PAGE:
|Publication number||US542459 A|
|Publication date||Jul 9, 1895|
|Publication number||US 542459 A, US 542459A, US-A-542459, US542459 A, US542459A|
|Inventors||Seth R. Beckwith|
|Export Citation||BiBTeX, EndNote, RefMan|
|Referenced by (4), Classifications (1)|
|External Links: USPTO, USPTO Assignment, Espacenet|
(No Model.) v V S. R. BECKWITH. ELEGTRIG BATTERY AND APPLIGATION THEREOF T0 MEDICINAL PURPOSES.
No. 542,459. Patented July 9, .1895.
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sETH RLBEGKIWITH, OF ORANGE, NEW JERSEY.
SPECIFICATION forming part of Letters Patent No. 542,459, dated July 9, 1895.
- llpplioation filed April ,1895. Serial No. 544,363. (Nc'modeh) To all whom it may concern:
Be it known that I, SETH R. BECKWITH, a citizen of the United States, and a resident of Orange, in the county of Essex and State of New Jersey, have invented certain new and useful Improvements in Electric Batteries and Their Application for Medicinal Purposes, of which the following is a specification.
My invention relates to electric batteries and their application for medicinal purposes; and it consists of certain parts and combinations of parts particularly pointed out in the claims concluding this specification.
In the accompanying drawings I have illustrated my invention in the'forms at present preferred by me, but it'will be understood that various modifications and changes may be made without departing from the spirit of my invention-and without exceeding the scope of the concluding claims.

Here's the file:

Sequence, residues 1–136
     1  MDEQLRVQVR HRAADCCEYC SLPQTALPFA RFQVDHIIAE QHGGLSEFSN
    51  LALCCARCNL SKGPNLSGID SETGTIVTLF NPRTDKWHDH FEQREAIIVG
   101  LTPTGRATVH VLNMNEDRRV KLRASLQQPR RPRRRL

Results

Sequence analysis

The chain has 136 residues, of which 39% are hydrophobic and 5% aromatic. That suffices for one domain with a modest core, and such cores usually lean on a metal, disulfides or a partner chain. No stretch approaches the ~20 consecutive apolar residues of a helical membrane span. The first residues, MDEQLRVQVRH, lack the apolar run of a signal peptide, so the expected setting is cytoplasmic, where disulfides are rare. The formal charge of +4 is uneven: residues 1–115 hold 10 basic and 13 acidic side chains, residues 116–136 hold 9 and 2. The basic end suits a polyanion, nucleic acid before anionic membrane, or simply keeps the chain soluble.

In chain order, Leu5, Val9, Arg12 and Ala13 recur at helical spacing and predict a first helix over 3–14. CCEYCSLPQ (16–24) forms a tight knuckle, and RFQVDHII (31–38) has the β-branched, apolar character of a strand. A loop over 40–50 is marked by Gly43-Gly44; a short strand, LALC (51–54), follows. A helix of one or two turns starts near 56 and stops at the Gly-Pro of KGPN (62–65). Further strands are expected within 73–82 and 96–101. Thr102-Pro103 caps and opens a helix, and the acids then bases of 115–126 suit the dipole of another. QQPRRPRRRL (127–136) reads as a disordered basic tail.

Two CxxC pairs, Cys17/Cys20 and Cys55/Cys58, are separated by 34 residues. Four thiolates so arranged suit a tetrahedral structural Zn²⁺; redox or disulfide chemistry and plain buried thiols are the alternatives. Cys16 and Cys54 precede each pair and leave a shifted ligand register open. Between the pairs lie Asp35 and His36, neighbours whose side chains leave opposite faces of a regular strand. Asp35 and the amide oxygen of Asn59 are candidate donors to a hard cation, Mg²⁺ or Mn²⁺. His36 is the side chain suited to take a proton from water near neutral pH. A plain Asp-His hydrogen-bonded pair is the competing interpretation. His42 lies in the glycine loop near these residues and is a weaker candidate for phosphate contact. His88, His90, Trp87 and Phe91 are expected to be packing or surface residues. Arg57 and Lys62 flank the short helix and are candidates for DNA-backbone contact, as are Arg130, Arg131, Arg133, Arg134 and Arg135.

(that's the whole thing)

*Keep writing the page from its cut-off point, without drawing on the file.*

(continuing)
In the drawings, Figure 1 is a perspective of the battery with means for attaching it to a porous plaster. Fig. 2 is an enlarged View of a portion of said battery. Figs. 3 and 3 are plan views of opposite sides of a porous plaster.
Similar figures of reference indicate the same or corresponding parts in all the figures of the drawings.
The drawings show an ordinary porous plaster to which areattached contactplates on the adhesive side thereof and a generator of electricity removably attached to said contact-plates, so that an electric current may be, when desired, passed through and made to simultaneously treat the tissues acted upon by the plaster, or so that the poles of the battery may be by adhesion attached to and the current generatedby the battery may be conveniiently applied to any partof the body desire The following is adescription of the device shown in the drawings:
The battery (see Figs. 1 and 2) consists of a seriesof plates 9, 10, and 11, assembled in the manner shown in Fig. 2. 9 represents a zinc plate, 10 a copper plate, and 11 a sheet of paper or other suitable insulating material permeable to electrolytic fluid and preferably of an absorbing nature-such as paper or cardboard.
In place of the copper and zinc plates other metals, which, when associated in the presence of an electrolytic fluid, generate a current of electricity, may be employed or even a thermopile might be substituted therefor. These plates are arranged, preferably, in the manner shown in Figs. 1 and 2, the zinc plate of one couple being in contact with or electrically connected to the copper plate of the adjoining couple, so that the several couples are connected up in series. Any require-d number of elements may be employed to obtain a current of the proper intensity or volume. The elements may, however, be associated in any mannerpreferred.
12 is a frame of insulating material-such,